of $3 per person per meal – into your CRS Rice Bowl to feed our
brothers and sisters in need around the world. You will find that
drawing closer to the poor draws you closer to God and enables you
to be a sign of hope for others.
CRS Rice Bowl is the Lenten program of Catholic Relief Services,
the official relief and development agency of the United States
Conference of Catholic Bishops. CRS Rice Bowl shares stories of hope
from CRS’ work around the world. Each story is accompanied by a
simple, meatless recipe that families are encouraged to prepare on
Fridays during Lent. Lenten alms donated through CRS Rice Bowl
support the work of CRS in roughly 45 different countries each year.
25% of all donations to CRS Rice Bowl stay in the local diocese,
supporting hunger and poverty alleviation efforts. Since its
inception in 1975, CRS Rice Bowl has raised nearly $300 million.
Be sure to begin your journey by viewing the CRS Lenten digital
), where the words of Jesus’ parable on the Good Samaritan are
juxtaposed with the words of Pope Francis, thereby connecting an
ancient teaching with a present reality. Because we are all called
to be Good Samaritans, especially today, as so many of our brothers
and sisters are forced from their homes, fleeing violence, economic
hardship, persecution and climate injustice.
All the reflections, videos, and recipes can be found at:
and/or their app at:
Both are available in English or Spanish. Also, to donate by check,
make check payable to HNOJ Cathedral for CRS Rice Bowl and put in
collection basket at Masses.
Mini-reflections on the Sunday scripture readings designed for
persons on the run. "Faith Book" is also brief enough to be posted
in the Sunday parish bulletins people take home.
From today’s Genesis reading:
put his faith in the Lord,
credited it to him as an act of righteousness
Despite doubts about our worthiness we are urged, like Abraham,
to make an "act of righteousness," to put our trust in God’s love
and care for us. And, like Abraham, trust God will never abandon us.
So we ask ourselves:
- What is emerging this Lent that makes me feel separated from
- Can I, like Abraham, make an "act of righteousness" and
trust in God’s love for me?
ONE GOOD BOOK FOR THE
THE TREASURE OF GUADALUPE, edited by Virgilio Elizondo, Allan
Gigueroa Deck and Timothy Matovina. (New York: Rowman and
Littlefield, Inc. 2006.) Paper, 134 pages. ISBN 978-0-7425-4857-2.
Noted preachers, pastoral leaders and thinkers share with us
homilies and meditations on the rich Guadalupan tradition. People
from various ethnic backgrounds will find these reflections helpful.
They are not meant for direct use, but as resources to inspire,
preachers, catechists, teachers and others in a tradition that has
nourished so many of our Mexican brothers and sisters who have
brought their faith into our midst. The treasure that awaits us in
this book is to discover an authentic Christian faith that is rooted
in the soil of the Americas.
---Barbara Molinari Quinby, MPS
Director of Social Justice Ministries, Holy Name of Jesus
Cathedral, Raleigh, NC
POSTCARDS TO DEATH
to strongly affirm that condemnation to the death penalty is an
inhuman measure that humiliates personal dignity, in whatever form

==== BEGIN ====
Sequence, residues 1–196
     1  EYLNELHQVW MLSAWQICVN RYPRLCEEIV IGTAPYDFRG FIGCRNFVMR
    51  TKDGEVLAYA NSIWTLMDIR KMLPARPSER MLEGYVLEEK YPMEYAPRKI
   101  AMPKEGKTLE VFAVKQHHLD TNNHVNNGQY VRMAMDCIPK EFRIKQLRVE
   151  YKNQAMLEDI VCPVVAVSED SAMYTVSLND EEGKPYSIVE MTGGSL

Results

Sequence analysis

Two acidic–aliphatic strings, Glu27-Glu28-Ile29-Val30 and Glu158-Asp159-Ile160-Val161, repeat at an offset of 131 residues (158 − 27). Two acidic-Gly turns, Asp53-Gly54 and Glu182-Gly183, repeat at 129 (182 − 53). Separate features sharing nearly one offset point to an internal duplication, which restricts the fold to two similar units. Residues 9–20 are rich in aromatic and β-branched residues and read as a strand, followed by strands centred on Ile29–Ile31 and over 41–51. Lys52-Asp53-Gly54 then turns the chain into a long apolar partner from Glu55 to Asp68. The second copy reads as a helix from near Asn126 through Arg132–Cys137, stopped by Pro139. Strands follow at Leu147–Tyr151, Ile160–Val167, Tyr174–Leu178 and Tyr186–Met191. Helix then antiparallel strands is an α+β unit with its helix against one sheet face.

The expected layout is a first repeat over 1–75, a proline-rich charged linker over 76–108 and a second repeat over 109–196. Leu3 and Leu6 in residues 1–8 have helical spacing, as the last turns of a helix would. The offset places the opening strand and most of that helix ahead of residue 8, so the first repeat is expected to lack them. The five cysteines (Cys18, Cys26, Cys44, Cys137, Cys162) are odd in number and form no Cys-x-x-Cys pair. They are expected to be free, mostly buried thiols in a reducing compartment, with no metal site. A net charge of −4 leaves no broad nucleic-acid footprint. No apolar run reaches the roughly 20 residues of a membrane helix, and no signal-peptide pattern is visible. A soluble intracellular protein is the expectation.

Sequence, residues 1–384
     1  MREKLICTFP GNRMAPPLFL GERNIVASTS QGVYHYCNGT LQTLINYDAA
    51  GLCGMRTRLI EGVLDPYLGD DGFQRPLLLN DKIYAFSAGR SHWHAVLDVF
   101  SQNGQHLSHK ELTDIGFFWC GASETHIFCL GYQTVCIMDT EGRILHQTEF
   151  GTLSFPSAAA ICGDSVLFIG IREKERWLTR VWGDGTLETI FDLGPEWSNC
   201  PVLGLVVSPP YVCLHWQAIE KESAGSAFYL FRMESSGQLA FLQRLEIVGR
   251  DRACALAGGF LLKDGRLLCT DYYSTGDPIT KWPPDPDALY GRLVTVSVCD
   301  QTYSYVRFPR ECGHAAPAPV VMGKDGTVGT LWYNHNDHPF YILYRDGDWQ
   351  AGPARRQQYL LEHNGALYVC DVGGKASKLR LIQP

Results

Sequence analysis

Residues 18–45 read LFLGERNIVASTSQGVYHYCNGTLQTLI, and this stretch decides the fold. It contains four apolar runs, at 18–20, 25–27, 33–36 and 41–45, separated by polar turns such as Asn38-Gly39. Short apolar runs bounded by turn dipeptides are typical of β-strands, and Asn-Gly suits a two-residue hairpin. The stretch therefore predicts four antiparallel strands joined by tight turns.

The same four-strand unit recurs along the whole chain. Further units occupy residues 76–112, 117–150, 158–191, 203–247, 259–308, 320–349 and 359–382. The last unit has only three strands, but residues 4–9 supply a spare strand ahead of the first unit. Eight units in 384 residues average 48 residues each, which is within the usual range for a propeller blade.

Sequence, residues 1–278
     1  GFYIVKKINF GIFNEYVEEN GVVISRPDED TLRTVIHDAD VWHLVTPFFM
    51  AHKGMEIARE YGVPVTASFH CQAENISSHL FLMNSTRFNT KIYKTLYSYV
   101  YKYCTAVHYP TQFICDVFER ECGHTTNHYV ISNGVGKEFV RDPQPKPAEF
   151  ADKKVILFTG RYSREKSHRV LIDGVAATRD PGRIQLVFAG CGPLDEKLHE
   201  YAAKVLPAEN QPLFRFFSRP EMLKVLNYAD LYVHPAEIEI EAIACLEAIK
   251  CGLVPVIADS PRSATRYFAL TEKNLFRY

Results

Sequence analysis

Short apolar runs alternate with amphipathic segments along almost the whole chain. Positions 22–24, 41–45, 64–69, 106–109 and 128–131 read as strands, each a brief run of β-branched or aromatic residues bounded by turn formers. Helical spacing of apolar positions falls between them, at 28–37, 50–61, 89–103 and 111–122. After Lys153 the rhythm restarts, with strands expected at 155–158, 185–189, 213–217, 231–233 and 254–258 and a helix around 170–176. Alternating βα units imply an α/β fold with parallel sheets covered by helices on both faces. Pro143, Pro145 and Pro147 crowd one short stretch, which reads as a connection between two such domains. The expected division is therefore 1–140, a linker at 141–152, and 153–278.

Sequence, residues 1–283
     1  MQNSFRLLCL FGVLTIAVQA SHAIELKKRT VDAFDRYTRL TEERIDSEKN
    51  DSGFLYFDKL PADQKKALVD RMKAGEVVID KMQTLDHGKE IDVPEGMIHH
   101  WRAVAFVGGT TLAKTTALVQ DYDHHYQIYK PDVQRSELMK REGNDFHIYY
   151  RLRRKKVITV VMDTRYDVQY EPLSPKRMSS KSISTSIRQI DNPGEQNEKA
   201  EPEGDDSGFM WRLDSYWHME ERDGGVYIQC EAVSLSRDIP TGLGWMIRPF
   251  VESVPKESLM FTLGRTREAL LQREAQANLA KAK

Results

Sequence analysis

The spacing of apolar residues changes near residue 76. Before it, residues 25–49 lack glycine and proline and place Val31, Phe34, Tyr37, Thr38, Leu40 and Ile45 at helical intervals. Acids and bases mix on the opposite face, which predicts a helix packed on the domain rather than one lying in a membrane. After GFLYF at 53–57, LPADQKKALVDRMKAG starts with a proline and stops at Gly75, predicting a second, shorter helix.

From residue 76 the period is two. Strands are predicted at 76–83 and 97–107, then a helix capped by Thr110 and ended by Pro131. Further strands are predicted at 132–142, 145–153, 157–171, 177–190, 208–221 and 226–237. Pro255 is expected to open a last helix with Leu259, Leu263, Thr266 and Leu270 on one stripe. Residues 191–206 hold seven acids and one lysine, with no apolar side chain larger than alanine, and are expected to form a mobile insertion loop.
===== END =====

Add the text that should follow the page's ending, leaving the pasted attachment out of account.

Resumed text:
it is carried out."
Inmates on death row are the most forgotten people in the prison
system. Each week I post in this space several inmates’ names and
addresses. I invite you to write a postcard to one or more of them
to let them know we have not forgotten them. If you like, tell them
you heard about them through North Carolina’s, "People of Faith
Against the Death Penalty." If the inmate responds you might
consider becoming pen pals.
Please write to:
- Randy Atkins #0012311 (On death row since 12/8/93)
- Frank Chambers #0071799 (3/10/94)
- William Barns #0020590 (3/10/94)
----Central Prison, 4285 Mail Service Center, Raleigh 27699-4285
For more information on the Catholic position on the death
penalty go to the Catholic Mobilizing Network:
Also, check the interfaith page for People of Faith Against the
is a service to preachers and those wishing to prepare for Sunday
worship. It is sponsored by the Dominican Friars. If you would like
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Boll, OP at firstname.lastname@example.org.
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1. We have compiled Four CDS for sale:
- Individual CDs for each Liturgical Year, A, B or C
- One combined CD for "Liturgical Years A, B and C."
If you are a preacher, lead a Lectionary-based scripture group,
or are a member of a liturgical team, these CDs will be helpful in
your preparation process. Individual worshipers report they also use
these reflections as they prepare for Sunday liturgy.
You can order the CDs by going to our home page:
and clicking on the "First Impressions" CD link on the left.
2. "Homilías Dominicales" —These
Spanish reflections on the Sunday and daily scriptures are written
by Dominican sisters and friars. If you or a friend would like to
receive these reflections drop a note to fr. John Boll, O.P. at
- Where you will find "Preachers’ Exchange," which includes
"First Impressions" and "Homilías
Dominicales," as well as articles, book reviews, daily homilies
and other material pertinent to preaching.
4. "First Impressions" is a service to preachers and those
wishing to prepare for Sunday worship. It is sponsored by the
Dominican Friars. If you would like "First Impressions" sent
weekly to a friend, send a note to fr. John Boll, OP at the above
you and blessings on your preaching,
fr. Jude Siciliano, O.P.
St. Albert the
Great Priory of Texas
Vince Hagan Drive
First Impressions Archive